It's not just web pages, bad guys could use this vulnerability to attack you via instant messaging. This is already happening in the Netherlands (http://www.viruslist.com/en/weblog?discuss=176892530&return=1). Be careful of links in instant messages. As usual.

At least one antivirus product, Kaspersky, is now scanning incoming files for anything that looks like an exploitation.

UPDATE 1/1/2006:

Sorry to confuse you, there are two separate vulnerabilities in how Windows handles .WMF files. Microsoft has already patched the first of the two, the problem reported in November. What's going around now is the second, a new one for which there is no official patch.

I found a trustworthy summary of the .WMF vulnerability. The article gets technical at the end but you can skip that part if you're not trained in that direction. Bottom line, this problem is scaring some levelheaded people.

Watch out for email with a subject of Happy New Year and text that says "picture of 2006". It's an attack. Delete it permanently.

I'm going to cross my fingers and recommend installing the unofficial patch (see link above). I believe it fixes the right thing, based on what I know of Windows programming.


Wednesday, November 02, 2005

Play a CD, compromise your computer 

Have you ever wondered why it's such a huge production to remove spyware and viruses, when you'd expect it's just a matter of deleting files?

Part of the answer is that spyware and viruses sometimes reprogram your computer so that it's not your friend any more. Your computer may even refuse to show you that the bad software is installed. The most dangerous kind of concealment is when the bad software changes the core Windows system machinery so that even if you wrote your own program to remove bad software, Windows wouldn't let it work.

Tinkering with Windows like that is dangerous to your system's health. First there's no way anyone can test the altered Windows the way Microsoft tested the original. Second, what happens when you need to update or patch Windows? The updater will open up the insides of Windows and transplant vital organs. If the bad software has been rearranging vital organs then the update will be a disaster.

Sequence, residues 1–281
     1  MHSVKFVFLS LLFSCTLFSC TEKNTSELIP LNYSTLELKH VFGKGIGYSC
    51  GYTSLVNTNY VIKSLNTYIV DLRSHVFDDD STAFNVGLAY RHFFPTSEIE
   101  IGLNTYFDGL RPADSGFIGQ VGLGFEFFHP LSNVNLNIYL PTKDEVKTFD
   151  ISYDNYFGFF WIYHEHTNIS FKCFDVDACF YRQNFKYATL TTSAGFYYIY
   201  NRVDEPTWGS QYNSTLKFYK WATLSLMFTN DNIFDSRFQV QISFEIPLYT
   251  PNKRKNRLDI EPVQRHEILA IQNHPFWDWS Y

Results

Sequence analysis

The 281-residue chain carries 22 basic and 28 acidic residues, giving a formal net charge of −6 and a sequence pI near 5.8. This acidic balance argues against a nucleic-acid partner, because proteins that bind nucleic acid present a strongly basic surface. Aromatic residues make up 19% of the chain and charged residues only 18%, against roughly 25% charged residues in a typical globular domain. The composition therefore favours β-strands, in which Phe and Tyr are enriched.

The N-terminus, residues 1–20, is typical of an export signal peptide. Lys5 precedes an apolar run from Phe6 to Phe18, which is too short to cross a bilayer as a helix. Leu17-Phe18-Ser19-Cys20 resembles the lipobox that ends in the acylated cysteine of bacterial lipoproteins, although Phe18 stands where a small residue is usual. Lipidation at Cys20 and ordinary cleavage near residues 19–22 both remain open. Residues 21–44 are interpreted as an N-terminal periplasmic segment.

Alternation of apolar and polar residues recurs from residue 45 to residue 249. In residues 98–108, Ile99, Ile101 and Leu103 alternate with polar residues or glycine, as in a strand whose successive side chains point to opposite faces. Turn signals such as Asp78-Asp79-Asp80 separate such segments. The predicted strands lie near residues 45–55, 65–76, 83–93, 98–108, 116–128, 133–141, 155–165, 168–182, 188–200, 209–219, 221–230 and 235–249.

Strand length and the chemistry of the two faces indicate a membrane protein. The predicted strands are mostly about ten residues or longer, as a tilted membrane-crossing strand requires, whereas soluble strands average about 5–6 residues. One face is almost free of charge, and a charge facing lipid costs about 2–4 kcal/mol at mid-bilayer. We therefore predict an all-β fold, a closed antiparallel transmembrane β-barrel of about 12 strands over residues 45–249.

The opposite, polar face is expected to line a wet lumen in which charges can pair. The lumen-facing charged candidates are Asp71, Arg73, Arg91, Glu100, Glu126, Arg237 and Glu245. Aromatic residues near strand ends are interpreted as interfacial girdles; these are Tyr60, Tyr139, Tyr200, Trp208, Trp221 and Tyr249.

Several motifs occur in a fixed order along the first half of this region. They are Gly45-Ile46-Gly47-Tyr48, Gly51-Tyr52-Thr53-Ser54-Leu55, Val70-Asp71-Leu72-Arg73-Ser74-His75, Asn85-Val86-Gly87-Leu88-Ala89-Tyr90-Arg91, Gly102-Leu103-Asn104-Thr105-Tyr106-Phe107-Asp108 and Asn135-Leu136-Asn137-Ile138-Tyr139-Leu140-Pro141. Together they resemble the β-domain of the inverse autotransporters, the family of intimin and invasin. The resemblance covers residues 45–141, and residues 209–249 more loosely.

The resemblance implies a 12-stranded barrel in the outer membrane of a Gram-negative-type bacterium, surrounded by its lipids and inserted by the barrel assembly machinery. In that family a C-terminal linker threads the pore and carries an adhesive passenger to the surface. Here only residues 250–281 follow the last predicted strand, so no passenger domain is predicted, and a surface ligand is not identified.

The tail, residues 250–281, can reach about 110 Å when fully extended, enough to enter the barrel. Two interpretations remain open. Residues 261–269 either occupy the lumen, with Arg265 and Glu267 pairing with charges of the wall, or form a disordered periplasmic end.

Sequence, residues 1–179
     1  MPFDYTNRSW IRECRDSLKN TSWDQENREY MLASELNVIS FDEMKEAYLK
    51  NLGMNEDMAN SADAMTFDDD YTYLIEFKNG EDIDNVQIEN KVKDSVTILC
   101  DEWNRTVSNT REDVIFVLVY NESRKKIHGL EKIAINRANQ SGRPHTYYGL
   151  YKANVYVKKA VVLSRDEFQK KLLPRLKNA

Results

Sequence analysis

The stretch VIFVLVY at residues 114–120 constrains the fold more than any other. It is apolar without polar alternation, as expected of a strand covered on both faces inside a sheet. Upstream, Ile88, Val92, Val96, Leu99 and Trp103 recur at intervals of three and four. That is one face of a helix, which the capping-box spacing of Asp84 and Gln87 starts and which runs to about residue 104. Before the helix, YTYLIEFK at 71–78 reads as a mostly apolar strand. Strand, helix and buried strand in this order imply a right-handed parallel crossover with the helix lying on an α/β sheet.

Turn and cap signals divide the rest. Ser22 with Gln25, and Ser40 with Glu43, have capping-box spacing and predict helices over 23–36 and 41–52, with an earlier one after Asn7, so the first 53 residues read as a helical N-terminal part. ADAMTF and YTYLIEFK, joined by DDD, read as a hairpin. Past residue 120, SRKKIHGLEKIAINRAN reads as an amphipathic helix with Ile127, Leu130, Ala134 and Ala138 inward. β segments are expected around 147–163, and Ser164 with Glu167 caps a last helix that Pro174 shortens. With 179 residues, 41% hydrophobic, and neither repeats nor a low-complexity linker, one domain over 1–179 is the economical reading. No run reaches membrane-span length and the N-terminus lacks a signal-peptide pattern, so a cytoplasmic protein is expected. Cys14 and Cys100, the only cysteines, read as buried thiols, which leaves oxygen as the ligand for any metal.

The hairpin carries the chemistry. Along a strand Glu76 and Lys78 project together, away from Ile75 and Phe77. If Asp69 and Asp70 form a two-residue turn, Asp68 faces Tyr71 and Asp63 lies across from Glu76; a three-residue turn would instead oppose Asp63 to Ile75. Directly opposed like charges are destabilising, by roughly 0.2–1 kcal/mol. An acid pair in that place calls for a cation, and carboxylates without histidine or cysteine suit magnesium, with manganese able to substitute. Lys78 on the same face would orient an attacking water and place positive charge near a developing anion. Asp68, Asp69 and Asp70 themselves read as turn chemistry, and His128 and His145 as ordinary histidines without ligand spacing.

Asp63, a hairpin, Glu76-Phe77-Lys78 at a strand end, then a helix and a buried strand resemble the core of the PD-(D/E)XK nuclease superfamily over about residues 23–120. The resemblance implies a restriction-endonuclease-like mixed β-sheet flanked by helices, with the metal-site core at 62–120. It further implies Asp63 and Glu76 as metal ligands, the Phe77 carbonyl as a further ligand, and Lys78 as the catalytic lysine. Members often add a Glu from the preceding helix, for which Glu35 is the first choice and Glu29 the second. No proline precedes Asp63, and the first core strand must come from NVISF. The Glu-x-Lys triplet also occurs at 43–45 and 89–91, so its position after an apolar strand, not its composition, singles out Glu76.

Software that tampers with the operating system to hide its existence is an old tool of computer intruders and for historical reasons is called a "rootkit".

You can get a rootkit installed by playing a CD. It's part of the "copy protection" on a CD from Sony Music. Sony Music has apparently been doing this since March, according to security firm F-Secure, but it wasn't until just now that someone caught them. According to expert Windows programmer Mark Russinovich's technical analysis, Sony Music has left openings that virus writers could crawl through. Any malicious software could hide inside the cloak of invisibility that Sony Music is sneaking onto people's computers.

I disapprove, if you haven't noticed. If anyone tried to hire me to do what Sony BMG has done I would refuse on ethical grounds.

What can you do if you're infected? There's no convenient removal technique yet for a nontechnical or semitechnical person. Sony offers a removal program which allegedly installs additional software of unknown purpose. You can wait for a removal program from a reputable security firm, or reinstall Windows (ouch!), or try to get your technical friend to tackle it. Hint: don't try to get away with offering a beer, this is at least a beer-and-pizza job.